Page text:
This is what teaching “evolution” meant in 1925. Social Darwinism was all the rage. This is what Clarence Darrow was defending as “science.” So it was considered in those days.

Contrary to what most people think, William Jennings Bryan’s objection to the text and to the teaching of evolution had to do very much with its dangers in terms of social engineering and the kind of violence it had recently promoted in the First World War, not just with its supposed conflict with a literal reading of the Bible. Bryan, after all, was a politician, not a clergyman. And he was not a Biblical literalist. Compulsory sterilization was a popular cause at the time: appealed to the Supreme Court in 1927, two years after the Scopes Trial. And found constitutional.

Bryan did not advocate, and did not believe in, a strictly literal reading of the Bible. He makes this clear and categorical. He held that the Bible used figures of speech and symbols. He did not believe the Earth was only a few thousand years old, or created in 4004 BC. He did not believe that God created the world in seven days in a literal sense.

Bryan also had no objection to teaching evolution in the schools. His position was that it should be taught as theory, not as fact.

And incidentally, contrary to popular belief, that famous date given by Bishop Ussher—4004 BC for the creation of the world—is not based solely on a literal reading of the Bible, but on a combination of sources available in his day, including the Bible, Greek historians, and Babylonian records. It was a genuinely scientific best guess of the time, before the geological record was recognized as a possible source.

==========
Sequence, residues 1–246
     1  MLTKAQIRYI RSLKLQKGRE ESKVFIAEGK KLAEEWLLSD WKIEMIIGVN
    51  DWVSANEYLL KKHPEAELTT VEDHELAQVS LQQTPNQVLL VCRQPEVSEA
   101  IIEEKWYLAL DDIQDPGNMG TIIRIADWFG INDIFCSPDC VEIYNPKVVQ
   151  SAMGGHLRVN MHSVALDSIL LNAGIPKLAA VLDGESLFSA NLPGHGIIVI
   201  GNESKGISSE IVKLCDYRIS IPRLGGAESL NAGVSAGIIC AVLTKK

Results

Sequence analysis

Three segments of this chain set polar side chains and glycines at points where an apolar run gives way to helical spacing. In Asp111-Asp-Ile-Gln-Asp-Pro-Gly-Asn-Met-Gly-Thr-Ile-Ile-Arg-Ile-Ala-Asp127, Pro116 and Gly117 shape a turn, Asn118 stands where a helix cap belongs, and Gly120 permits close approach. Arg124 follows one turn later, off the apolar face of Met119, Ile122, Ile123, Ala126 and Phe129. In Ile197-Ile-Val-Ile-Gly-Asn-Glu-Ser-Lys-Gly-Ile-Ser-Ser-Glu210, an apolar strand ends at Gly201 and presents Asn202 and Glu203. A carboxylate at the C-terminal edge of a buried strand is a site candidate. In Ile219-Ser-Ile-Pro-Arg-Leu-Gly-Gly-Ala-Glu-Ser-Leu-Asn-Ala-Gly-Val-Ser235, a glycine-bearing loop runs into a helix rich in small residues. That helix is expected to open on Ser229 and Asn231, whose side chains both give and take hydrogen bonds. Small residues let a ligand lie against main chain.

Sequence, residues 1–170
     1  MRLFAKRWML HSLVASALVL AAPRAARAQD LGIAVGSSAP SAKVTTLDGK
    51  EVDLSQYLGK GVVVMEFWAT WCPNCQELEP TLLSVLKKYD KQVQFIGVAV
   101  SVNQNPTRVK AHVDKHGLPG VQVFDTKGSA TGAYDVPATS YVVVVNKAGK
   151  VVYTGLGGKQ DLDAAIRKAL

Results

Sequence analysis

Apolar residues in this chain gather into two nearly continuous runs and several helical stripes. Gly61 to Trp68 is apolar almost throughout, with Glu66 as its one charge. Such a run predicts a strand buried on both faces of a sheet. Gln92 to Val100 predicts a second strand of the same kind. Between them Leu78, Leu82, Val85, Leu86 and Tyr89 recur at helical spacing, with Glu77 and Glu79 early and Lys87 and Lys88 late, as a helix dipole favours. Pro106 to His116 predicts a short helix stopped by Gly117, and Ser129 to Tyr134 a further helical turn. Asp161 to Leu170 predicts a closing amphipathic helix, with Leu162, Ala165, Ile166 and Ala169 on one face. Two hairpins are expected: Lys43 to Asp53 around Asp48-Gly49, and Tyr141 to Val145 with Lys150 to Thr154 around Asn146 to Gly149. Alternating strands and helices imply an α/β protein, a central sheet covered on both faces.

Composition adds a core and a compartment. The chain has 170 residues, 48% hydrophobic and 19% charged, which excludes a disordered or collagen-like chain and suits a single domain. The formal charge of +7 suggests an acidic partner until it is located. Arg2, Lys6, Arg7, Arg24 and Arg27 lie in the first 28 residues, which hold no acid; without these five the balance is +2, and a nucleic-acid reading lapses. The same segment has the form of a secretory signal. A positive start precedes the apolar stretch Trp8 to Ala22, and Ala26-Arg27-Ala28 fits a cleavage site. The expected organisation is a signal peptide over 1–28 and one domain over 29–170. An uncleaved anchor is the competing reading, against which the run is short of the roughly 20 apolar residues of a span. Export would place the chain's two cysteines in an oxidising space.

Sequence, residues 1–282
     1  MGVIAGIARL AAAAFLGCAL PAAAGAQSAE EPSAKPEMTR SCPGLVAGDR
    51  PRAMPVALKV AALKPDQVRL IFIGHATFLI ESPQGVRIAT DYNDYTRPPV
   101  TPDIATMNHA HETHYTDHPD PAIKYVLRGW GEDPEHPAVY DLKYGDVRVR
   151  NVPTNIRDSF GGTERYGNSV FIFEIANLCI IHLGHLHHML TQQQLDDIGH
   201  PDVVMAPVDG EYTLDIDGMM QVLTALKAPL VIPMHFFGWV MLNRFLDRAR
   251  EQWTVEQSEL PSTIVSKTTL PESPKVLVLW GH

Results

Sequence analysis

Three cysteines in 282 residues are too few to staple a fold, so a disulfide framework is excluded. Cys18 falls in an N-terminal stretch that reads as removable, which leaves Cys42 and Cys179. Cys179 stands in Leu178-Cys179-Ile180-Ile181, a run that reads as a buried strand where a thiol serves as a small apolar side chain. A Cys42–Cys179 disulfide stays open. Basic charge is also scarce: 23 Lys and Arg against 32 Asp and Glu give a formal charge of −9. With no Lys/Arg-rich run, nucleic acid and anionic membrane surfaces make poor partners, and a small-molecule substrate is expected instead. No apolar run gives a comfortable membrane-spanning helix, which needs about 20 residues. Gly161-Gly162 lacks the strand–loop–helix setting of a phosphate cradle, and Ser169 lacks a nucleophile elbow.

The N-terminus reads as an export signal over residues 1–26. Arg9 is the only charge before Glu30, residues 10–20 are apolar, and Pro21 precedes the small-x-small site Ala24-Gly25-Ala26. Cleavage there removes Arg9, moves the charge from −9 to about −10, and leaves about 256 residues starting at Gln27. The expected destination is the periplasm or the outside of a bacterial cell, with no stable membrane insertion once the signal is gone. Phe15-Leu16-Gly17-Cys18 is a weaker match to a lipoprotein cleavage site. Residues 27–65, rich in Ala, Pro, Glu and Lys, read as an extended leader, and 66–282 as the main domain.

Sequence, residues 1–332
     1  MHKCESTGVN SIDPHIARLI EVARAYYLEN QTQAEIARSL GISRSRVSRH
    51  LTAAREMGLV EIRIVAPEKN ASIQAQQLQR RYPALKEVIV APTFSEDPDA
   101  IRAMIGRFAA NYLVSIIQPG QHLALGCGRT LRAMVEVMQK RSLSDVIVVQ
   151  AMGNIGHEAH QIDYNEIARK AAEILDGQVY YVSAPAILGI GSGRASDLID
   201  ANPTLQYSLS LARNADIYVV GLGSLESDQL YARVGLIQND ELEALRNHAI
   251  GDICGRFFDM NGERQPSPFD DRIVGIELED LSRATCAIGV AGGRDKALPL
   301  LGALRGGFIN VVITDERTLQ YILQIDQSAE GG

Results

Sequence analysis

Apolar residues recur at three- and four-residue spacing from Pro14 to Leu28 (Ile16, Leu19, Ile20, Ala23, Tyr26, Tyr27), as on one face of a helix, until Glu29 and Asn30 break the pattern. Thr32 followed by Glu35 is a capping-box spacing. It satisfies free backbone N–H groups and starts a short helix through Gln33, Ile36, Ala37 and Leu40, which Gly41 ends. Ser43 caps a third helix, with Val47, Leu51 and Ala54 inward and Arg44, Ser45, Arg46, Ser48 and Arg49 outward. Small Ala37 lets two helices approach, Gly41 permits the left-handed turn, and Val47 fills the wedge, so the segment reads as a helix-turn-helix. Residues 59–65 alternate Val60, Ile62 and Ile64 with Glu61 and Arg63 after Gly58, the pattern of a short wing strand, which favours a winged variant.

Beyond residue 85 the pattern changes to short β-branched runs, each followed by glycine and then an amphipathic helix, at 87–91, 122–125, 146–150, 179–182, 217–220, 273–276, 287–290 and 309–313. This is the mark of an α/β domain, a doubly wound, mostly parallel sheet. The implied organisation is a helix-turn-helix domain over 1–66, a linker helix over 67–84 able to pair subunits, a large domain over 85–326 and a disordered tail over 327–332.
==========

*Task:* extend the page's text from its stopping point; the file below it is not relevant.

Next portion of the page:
Also, Bryan’s claim that Darwinian evolution was theory, not fact, was borne out by the defense’s own witnesses. Darwin was not that generally accepted by scientists themselves in 1925, the time of the Scopes trial. According to one expert witness for the defense (Scopes) at the trial: “Of recent years this theory of the causes of evolution [natural selection] has suffered a decline. No other hypothesis, however, has completely displaced it. It remains the most satisfactory explanation of the origin of adaptations, although its all-sufficiency is no longer accepted.”

Bryan’s larger point was that nothing in science is certain; it is all theory. And that this must be taught. He was exactly right: the great flaw in science teaching in the schools today is that science’s current best guess is always taught as if it were revealed truth.

This tends to be borne out by the “expert testimony” at the trial, meant to show the defense’s contention that evolution is “fact,” not “theory.” A huge amount of this actual evidence for evolution, as given in 1925, is now held by science itself to be wrong. Things like the notion that embryos, in their development, retrace the steps of evolution. Something I remember being taught in science class myself back in the Sixties. Things like Piltdown Man and Nebraska Man--who turned out to be a wild pig.